Tuesday, September 12, 2006

Pollution and violent protest in China

What makes this associated press article interesting is the link between public protest, health and industrial location. After 10 years of being poisoned the polluting plant has now, eventually, been shut down. I suppose this can be considered Kuznets at work - as China grows and wealth increases there is a stronger demand for a cleaner environment. Moreover, Chinese environmental instutitions seems to be growing bigger teeth and beginning to use them.

There is a well developed academic literature looking at some of these issues for developed and developing countries examining the effect of formal and informal regulations. We are currently looking at a US ZIP code level study using TRI data to investigate how the location of polluting plants is influenced by community characteristics. We hope to have preliminary results soon.

Smelting Plant Blamed for Poisoning Hundreds in China Reported Many Times

September 12, 2006 — By Associated Press
BEIJING — A smelting plant in western China that poisoned hundreds of villagers by dumping lead into the air and water was repeatedly reported to local officials during its 10 years of operation, state media said Tuesday.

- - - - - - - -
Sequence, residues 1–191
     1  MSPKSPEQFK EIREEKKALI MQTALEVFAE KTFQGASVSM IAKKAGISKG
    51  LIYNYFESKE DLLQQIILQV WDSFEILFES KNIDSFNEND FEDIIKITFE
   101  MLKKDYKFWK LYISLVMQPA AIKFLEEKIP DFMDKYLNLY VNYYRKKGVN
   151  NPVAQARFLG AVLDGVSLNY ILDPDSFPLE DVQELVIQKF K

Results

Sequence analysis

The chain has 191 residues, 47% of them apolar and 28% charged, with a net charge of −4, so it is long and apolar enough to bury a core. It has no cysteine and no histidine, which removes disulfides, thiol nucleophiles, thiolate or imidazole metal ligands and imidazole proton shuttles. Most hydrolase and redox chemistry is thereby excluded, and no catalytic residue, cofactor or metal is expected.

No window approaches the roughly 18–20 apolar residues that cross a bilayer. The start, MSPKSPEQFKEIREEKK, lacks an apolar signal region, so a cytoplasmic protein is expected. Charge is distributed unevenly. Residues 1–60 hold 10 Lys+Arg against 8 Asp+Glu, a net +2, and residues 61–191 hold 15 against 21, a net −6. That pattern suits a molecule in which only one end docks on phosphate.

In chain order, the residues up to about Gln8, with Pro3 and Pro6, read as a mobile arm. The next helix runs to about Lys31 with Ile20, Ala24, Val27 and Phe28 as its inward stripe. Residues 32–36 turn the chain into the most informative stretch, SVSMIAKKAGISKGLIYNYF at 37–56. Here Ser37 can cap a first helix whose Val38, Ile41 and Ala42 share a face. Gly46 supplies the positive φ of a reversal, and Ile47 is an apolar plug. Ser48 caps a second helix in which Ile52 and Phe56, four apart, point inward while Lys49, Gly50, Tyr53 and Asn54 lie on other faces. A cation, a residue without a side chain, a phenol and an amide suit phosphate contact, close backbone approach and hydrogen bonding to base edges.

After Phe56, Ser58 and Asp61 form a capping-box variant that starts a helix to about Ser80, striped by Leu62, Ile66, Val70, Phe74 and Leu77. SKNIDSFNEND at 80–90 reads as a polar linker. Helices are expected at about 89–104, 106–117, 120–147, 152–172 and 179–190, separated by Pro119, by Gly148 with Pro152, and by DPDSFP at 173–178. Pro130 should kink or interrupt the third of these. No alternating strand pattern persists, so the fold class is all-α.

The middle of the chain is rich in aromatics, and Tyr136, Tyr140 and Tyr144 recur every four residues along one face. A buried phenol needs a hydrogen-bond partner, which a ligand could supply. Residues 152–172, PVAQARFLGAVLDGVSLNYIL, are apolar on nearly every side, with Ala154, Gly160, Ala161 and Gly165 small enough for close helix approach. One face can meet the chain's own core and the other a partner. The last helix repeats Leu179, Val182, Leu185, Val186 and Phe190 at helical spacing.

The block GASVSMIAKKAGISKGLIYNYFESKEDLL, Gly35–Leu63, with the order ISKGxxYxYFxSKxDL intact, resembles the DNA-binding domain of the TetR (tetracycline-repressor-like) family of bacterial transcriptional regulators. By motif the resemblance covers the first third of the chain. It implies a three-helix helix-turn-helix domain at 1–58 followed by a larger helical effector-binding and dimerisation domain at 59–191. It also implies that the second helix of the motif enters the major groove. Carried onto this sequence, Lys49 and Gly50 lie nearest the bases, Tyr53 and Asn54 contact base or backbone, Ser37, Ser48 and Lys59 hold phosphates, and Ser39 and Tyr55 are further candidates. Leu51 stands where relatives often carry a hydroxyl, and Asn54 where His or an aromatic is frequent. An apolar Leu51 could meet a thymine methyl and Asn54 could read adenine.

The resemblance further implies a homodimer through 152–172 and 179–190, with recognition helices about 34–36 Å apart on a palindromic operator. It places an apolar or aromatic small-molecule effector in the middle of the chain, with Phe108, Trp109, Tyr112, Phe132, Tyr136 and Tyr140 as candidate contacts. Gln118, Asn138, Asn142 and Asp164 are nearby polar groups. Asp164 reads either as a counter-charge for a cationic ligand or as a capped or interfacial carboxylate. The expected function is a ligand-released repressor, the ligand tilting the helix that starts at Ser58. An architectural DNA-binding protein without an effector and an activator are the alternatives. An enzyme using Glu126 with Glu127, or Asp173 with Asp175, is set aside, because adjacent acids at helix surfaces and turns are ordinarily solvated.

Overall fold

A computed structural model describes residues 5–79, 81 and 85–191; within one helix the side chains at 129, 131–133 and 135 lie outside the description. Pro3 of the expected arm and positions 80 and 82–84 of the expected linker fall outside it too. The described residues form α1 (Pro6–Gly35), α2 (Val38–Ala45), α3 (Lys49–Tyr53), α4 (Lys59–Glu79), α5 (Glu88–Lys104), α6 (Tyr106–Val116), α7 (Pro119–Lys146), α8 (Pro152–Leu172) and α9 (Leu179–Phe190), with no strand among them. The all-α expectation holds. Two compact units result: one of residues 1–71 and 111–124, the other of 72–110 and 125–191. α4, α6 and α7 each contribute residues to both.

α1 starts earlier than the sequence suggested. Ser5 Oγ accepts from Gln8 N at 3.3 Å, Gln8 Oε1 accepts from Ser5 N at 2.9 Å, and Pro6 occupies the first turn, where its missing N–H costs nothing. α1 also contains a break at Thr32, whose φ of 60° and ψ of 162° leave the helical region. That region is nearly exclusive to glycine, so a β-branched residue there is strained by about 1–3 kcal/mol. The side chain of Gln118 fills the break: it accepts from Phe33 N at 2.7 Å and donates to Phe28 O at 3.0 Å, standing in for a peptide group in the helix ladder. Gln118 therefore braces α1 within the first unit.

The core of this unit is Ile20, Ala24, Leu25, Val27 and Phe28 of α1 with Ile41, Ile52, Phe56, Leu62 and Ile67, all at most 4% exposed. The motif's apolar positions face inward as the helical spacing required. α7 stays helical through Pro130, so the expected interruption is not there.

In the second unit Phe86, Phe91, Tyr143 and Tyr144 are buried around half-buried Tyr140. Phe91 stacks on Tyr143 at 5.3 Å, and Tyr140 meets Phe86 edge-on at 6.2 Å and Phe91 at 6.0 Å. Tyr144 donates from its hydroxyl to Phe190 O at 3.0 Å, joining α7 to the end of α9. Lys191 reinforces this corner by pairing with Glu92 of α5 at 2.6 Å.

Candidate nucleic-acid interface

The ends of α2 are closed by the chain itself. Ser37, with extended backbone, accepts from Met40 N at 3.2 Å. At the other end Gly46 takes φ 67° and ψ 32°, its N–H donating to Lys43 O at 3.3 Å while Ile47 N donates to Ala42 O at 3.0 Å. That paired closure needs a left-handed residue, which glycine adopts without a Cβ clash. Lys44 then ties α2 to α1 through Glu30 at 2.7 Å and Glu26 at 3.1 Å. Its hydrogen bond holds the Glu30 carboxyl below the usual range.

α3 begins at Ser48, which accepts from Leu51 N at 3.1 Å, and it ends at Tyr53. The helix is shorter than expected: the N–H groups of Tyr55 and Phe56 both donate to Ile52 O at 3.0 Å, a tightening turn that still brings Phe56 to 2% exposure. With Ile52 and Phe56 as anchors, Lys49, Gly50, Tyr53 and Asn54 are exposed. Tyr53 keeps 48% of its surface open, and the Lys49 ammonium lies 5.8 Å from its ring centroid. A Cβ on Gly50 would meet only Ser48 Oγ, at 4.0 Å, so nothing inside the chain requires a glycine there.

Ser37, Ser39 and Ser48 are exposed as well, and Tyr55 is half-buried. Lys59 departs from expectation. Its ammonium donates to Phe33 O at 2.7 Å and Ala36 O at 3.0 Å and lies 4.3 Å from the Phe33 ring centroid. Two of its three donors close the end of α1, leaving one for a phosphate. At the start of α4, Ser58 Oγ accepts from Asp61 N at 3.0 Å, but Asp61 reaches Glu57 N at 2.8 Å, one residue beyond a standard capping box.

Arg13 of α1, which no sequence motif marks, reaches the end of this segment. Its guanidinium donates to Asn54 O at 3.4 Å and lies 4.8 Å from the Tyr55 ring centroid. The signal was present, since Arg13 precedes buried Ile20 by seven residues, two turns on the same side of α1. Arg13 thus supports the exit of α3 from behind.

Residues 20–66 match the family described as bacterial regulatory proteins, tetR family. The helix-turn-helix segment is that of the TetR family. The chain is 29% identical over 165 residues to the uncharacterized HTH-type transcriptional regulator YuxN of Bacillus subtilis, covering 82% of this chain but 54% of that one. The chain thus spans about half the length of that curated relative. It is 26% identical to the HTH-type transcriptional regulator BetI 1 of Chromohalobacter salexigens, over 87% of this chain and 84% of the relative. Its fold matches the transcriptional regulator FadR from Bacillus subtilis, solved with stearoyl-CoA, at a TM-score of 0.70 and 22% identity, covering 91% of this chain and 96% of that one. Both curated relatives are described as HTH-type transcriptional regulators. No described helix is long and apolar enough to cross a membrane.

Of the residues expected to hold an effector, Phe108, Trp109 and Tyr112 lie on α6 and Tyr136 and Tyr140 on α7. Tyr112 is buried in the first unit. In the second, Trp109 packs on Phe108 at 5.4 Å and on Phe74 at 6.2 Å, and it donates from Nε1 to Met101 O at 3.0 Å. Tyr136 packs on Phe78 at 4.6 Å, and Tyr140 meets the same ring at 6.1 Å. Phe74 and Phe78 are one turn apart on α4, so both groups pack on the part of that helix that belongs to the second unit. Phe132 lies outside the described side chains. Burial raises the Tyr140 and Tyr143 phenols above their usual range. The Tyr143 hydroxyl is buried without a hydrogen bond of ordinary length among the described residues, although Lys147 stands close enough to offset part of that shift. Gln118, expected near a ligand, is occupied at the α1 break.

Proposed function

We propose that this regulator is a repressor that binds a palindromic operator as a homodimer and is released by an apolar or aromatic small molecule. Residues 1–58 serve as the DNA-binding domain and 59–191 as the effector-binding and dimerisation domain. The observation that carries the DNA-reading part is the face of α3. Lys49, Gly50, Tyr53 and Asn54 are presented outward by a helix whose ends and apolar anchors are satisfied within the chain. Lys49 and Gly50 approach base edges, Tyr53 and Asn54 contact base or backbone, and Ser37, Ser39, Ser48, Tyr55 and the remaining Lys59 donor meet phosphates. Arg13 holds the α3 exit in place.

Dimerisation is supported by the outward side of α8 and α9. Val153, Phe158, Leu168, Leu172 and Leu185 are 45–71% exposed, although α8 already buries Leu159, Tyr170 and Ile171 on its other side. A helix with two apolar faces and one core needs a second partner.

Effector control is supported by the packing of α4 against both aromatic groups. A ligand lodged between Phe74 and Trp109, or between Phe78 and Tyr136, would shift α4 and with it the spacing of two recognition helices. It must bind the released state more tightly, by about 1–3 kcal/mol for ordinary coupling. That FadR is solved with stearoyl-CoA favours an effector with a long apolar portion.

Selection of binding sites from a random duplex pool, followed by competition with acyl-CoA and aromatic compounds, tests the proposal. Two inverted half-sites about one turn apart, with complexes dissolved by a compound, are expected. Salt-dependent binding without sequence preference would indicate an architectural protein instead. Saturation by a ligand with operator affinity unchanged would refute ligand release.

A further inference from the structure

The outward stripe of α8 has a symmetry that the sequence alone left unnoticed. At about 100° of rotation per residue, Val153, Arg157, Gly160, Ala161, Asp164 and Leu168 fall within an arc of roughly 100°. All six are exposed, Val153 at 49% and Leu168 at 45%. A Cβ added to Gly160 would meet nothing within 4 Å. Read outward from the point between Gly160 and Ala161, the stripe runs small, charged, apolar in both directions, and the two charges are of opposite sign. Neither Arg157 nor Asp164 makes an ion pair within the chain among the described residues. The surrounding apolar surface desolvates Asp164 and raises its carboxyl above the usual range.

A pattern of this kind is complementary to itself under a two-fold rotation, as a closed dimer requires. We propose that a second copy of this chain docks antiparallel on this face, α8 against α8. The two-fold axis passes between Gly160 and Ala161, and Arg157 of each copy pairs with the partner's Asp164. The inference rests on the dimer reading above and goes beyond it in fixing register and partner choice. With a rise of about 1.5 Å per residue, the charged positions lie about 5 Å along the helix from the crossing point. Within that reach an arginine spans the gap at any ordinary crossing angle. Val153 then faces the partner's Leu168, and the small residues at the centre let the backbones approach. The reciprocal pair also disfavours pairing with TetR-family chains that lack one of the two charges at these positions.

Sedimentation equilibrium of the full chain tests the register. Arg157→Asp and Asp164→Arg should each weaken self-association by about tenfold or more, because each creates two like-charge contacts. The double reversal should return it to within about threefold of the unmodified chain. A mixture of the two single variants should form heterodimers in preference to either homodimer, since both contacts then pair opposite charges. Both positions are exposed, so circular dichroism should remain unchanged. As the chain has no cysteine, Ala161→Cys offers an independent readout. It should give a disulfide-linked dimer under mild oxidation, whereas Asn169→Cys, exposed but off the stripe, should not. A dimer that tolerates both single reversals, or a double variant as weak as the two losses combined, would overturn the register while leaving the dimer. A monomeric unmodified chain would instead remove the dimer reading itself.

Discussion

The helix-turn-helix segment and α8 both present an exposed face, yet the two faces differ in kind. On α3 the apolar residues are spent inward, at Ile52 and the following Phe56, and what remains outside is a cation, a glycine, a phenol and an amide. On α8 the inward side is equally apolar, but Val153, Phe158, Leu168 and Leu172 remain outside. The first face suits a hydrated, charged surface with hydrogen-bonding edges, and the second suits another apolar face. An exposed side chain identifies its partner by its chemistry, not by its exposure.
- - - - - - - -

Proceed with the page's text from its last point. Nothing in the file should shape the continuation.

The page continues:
"They paid no attention," the official China Daily newspaper quoted local farmer Zhou Yongjie as saying.

A local environmental protection official, Yang Hua, told the paper the Huixian County Non-Ferrous Metal Smelting Plant had been ordered to stop discharging pollutants, but it continued to do so in secret. Yang did not say when the order was issued.

At least 877 villagers from Xinsi and Moba in Gansu province have tested positive for excessive amounts of lead in their blood since authorities began investigating in August, the official China Daily newspaper said. Among those poisoned were some 334 children under the age of 14, it said. No deaths have been reported.

Authorities said the Huixian County Non-Ferrous Metal Smelting Plant has been shut down and is being dismantled.

"It must be relocated to a place far from residential areas and water sources," said Ren Longjiang, a State Environmental Protection Administration official was quoted as saying.

Excessive amounts of lead can damage the nervous and reproductive systems and cause high blood pressure and anemia. Lead poisoning is characterized by a blue line around the gums and in severe cases can cause convulsions, coma and death.

The poisonings added to a string of recent pollution disasters in China that have prompted violent protests in some areas.

Source: Associated Press

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